After a bulb socket l? and bulb' it is placed within the housing i3, any suitable cover plate may be placed over the downwardly facing opening of the recess I3. This cover may comprise a transparent or translucent glass or plastic member 3l carried by a frame 33 having recesses et adapted to fit over projections i carried by the visor member l. Any other suitable type of cover and attachment means may be utilized.
The switch i9 may be retained in the switch housing I4 in any suitable manner; for example, it may be force-tted into the housing so that a cover plate 43 carried thereby overlies the downwardly facing opening of the switch housing. An operating projection l5 of the switch may extend through an opening in the switch cover plate 133. Here again, any suitable cover member t'may be utilized and any suitable means may be employed for retaining the switch I8 in position within the integral housing it of the visor member I. v
The kconnecting wires within the connecting passageways 20, 23 and 24 are completely en'- closed and concealed so that they cannot be readily tampered with or have their insulating` coverings worn away. The wires extend'through t. the long leg of the supporting member 2 and may 'emerge from the end of its short connecting leg. One wire is preferably grounded to the supporting member 2 or some lother adjacent metal portion of the automobile and another extends to the automobile battery, either' directly or through a suitable fuse or terminal connection. When the switch 55 is in "off position, the wires are disconnected from the bulb. When the switch is moved to on position the wires connect the bulb with the battery and hence it may supply illumination.
It will be seen that the present invention provides a new and improved visor device for an automobile interior which may be readily swung to any of numerous desired positions for use by the driver in reading maps, data sheets, etc. The visor body portion is preferably formed of some suitably colored plastic molding material and is adjustably retained on its supporting member by a relatively simple and inexpensive gripping means. The housings and passageways for the bulb, switch and wires are all integral with the visor body and the connecting wires are completely concealed and protected. The visor may be adjusted circumferentially of the supporting membenor if desired, longitudinally thereof.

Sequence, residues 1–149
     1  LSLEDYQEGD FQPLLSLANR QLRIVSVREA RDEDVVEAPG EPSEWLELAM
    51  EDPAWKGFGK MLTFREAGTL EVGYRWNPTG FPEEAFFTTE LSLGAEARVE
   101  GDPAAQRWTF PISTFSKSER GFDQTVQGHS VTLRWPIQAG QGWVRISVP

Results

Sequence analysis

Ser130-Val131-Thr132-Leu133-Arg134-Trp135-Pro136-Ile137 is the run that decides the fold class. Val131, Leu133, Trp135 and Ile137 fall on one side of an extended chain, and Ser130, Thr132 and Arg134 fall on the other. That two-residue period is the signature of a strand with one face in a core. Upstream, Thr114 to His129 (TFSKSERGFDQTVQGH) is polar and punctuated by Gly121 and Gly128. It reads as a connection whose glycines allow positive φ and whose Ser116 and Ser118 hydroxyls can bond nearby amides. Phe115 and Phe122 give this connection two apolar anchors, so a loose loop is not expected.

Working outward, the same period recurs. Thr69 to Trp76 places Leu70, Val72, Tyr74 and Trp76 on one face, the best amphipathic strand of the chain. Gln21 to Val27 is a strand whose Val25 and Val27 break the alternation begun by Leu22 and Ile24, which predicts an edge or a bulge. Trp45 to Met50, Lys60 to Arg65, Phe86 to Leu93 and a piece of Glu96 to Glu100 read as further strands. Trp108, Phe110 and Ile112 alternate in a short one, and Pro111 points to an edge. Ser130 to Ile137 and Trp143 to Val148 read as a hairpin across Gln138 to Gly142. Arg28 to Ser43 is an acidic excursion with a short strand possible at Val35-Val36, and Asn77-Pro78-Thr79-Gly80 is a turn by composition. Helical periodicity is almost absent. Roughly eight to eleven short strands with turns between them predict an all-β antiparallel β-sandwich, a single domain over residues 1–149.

The openings from the bulb and switch housings face downwardly from the visor body so that the switch is always conveniently available and so that light from abulb may shine directly downwardly; itis not necessary to invert the visor or any portion of it before being able to direct the light onto a desired location. A portion of the wiring is housed Iwithin the edge passageway in free or unrestrained manner so that it tends to absorb twisting of the visor body about its supporting member and obviate objectionable stresses or .strains which might otherwise be imposed on the wiring. This unrestrained wire portion may be suiciently long to provide for longitudinal adjustment of the visor body along its supporting member.
As various changes may be made in the form,
construction and arrangement of the parts here in without departing from the spirit and scope of the invention andwithout sacrificing any of its advantages, it is to be understood that all matter herein is to be interpreted as illustrative and not in a limiting sense.
Having thus described my invention, I claim:
An automobile visor comprising a sheet of material having a tubular passageway extending along one edge thereof and a bulb housing projecting above its upper surface at a location spaced from said tubular passageway and a wirereceiving passageway having one end communicating with said housing and another end communicating with said tubular passageway, and means for supporting the visor for adjustment about said edge comprising a tubular member inland extending along a portion only of the length of said tubular passageway having an open end in said tubular passageway spaced from an end of the tubular passageway and from said other end of the wire-receiving passageway, said tubular passageway between the open end of the tubular member and said other end of the wirereceiving passageway being adapted to freely contain a length of electric wiring to facilitate twisting of the wiring upon adjustment ofthe sheet with respect to said tubular member.
VINCENT J. DILLON.
. References cited in the me of this patent y UNITED STATES PATENTS Number Name Date 1,653,208 Gray Dec. 20, 1927 1,786,011 Groenenstein E. Dec. 23, 1930 2,073,375 Laxter Mar. 9, 1937 FOREIGN PATENTS NumberV Country t Date 564,860 England Oct. 17, 1944